Before you start developing your visitor experience product
The first question asks you to evaluate your product concept against your heritage destination’s essence of place. Why on earth should that program, exhibit, facility, viewpoint, whatever be here? How does it honour this place and bring it to life?
We are in the business of connecting people to place. We are not in the business of slapping products on a setting where they don’t belong. Paint balling in a historic site? A glistening chrome sculpture in a fur-trade fort? Lovely ideas, but sweet jesus why here?
Closely related to “why here” is “why us?” Why our agency? How is this idea part of our mission? Are we the right people to be taking this on? Do we have the money, time, expertise, passion, leadership to be pulling this off? Is there somebody—a partner, perhaps—who is better placed to take it on?
A pop concert in the park? Great idea… but why us? Why are we suddenly in the business of producing concerts? Where does this live in our mission or mandate? Is it on-brand for us? Do our public really see us as the kind of people who produce music? How does it enhance our relationship with our public, and advance our goals?
An art exhibit in our nature centre? Good idea, but what do we know about art exhibits? Have we ever done one? Can we really say we understand the risks and costs? Or is there perhaps an expert partner who can take this on with us? Or, alternately, can we let this idea slide for now?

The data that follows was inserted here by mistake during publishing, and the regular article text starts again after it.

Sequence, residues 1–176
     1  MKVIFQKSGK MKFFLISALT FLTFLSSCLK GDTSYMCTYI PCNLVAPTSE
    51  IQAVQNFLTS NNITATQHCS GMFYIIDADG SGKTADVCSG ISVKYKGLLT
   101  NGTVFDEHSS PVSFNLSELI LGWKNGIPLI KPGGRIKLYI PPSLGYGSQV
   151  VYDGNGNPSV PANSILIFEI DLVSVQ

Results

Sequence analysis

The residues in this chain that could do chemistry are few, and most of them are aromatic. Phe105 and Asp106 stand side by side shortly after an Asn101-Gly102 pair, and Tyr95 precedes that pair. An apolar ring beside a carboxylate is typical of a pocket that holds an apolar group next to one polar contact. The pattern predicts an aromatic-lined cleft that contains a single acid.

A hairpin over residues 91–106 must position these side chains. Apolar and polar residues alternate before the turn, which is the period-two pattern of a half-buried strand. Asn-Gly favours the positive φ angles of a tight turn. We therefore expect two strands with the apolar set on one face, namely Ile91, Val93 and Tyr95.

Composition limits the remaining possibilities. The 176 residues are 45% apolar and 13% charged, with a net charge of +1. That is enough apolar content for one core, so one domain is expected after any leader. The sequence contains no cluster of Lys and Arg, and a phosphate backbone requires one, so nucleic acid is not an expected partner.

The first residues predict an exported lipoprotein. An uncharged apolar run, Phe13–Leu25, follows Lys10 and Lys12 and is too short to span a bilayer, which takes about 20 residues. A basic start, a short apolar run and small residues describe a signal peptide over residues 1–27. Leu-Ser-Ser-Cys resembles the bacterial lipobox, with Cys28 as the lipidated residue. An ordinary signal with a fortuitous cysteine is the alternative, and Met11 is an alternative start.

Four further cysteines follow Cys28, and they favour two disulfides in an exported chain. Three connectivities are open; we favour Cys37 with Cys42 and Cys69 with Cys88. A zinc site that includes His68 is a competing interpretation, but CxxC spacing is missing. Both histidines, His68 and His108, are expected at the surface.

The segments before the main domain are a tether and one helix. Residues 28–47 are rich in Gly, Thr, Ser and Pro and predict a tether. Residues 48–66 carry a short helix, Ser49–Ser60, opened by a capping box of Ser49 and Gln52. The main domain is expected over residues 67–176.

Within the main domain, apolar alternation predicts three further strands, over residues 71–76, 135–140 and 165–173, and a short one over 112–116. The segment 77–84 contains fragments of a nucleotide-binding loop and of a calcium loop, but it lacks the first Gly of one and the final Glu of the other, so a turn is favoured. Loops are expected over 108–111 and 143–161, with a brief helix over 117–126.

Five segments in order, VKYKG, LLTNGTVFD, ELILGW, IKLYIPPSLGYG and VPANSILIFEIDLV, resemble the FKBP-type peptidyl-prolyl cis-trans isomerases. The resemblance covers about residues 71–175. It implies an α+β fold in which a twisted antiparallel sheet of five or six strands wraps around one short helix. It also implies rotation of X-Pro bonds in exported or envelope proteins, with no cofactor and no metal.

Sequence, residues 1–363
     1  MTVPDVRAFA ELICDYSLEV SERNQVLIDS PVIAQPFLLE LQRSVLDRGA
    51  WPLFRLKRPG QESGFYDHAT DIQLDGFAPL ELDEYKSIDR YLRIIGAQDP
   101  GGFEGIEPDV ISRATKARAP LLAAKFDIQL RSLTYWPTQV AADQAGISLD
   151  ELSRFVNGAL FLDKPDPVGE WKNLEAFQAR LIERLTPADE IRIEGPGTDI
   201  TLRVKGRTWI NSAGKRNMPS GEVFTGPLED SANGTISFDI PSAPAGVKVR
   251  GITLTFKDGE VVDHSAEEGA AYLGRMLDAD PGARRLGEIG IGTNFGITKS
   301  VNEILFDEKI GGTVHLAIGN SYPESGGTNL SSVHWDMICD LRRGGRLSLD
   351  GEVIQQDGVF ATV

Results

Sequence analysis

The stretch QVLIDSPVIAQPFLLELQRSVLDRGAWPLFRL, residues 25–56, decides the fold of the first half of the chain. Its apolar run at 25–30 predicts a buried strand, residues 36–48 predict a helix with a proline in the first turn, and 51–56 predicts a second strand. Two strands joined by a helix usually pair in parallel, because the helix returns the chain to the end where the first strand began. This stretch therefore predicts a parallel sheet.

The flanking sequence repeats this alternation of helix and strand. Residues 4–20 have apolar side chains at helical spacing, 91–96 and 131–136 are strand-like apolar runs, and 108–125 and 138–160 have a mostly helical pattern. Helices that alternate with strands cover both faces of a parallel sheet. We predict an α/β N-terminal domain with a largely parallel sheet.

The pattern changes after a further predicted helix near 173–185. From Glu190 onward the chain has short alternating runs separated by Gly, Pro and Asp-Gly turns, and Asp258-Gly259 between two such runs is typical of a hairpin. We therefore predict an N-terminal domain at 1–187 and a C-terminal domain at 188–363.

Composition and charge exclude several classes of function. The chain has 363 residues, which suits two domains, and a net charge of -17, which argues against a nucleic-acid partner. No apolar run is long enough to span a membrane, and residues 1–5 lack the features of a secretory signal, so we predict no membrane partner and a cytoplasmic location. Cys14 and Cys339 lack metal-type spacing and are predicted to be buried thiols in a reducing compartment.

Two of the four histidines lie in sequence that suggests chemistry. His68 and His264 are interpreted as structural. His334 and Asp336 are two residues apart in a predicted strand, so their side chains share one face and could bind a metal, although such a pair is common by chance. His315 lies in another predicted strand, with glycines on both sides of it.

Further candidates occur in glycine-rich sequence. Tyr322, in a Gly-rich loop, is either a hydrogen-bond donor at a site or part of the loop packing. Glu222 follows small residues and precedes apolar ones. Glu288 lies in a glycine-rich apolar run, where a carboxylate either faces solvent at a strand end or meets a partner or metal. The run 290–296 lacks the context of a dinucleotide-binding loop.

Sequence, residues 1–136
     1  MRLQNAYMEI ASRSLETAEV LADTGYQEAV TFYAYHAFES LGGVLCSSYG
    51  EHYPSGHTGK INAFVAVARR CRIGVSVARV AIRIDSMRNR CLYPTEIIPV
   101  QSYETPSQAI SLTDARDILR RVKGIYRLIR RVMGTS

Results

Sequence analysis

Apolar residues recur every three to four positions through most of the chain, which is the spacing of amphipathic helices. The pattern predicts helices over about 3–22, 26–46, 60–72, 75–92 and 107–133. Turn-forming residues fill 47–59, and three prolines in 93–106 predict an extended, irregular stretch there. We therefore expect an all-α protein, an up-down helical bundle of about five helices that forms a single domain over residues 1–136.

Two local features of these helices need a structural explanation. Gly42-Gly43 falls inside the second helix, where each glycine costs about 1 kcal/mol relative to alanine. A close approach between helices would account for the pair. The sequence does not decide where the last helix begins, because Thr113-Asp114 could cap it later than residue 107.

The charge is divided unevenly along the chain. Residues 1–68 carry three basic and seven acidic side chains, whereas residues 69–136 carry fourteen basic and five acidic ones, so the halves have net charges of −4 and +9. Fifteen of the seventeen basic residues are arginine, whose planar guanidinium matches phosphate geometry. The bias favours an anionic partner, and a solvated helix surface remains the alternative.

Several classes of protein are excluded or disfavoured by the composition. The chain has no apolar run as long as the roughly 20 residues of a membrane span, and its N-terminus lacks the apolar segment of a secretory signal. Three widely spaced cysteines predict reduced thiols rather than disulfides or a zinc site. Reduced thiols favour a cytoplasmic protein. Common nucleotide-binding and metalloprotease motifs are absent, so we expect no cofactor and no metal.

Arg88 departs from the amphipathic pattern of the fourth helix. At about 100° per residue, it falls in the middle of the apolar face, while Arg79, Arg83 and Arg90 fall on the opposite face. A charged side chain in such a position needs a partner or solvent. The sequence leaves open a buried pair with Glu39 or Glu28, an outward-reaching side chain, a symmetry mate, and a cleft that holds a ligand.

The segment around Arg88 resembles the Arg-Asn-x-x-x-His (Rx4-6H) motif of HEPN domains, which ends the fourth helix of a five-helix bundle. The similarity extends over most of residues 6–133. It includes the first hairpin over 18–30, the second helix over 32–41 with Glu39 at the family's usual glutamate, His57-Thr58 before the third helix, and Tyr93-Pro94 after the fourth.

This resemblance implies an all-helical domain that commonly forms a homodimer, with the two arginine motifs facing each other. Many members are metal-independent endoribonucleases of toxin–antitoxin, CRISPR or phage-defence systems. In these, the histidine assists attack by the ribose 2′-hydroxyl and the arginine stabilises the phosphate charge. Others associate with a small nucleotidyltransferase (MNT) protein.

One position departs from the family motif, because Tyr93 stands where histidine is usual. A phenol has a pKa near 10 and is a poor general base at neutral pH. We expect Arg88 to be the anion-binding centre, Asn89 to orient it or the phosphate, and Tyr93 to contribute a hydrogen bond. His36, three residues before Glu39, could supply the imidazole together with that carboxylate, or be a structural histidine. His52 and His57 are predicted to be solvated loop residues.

By them, we’re talking about our visitors. Is there a good match between our concept and our audiences? Or does this great new idea require a great new audience to go with it? Because that, my friends, is risky and expensive territory.
How does your idea meet the needs and interests of your market? How does it fit in with what you know about their tastes, their patterns of visitation, their group dynamics? Is it a natural fit? Or is it a stretch?
An escape room in your historic home? Great idea… but if your clientele are all empty nesters, think again. A spa getaway weekend in your park? Fantastic, but your families with school-age children probably won’t be available, or interested.
A truly great visitor experience sits at the confluence of organization, essence of place, audience, and moment in time. What is happening in your world—culturally, economically, politically—that makes your idea resonate?
Zeitgeist refers to the spirit of the time: the convergence of cultural and historical forces that define a moment in history. What is happening around you that you can capitalize on with a great visitor experience? To answer that question, you have to take a good look at your heritage destination’s general relevance. Why is our your site important today? Answer that question, and “why now” becomes a whole lot easier to address for any given product.
Road-kill taxidermy at the nature centre, with a DJ and a cash bar? Awe. Some. Why now? Because millennials.
Early morning parent/stroller yoga in the park, with coffee in the gallery afterward? Yes. Now. (If your audiences are at that lifestage.)
Why here? Why us? Why them? Why now?
Take a cold, hard look at those questions—and if you’re still excited about the possibilities of your idea, you may have a winner on your hands.
Many thanks to my friend and colleague Bill Quayle who turned my infographic into an animation. So cool. Thanks, Bill.
Download the infographic, here.
(And feel free to share.)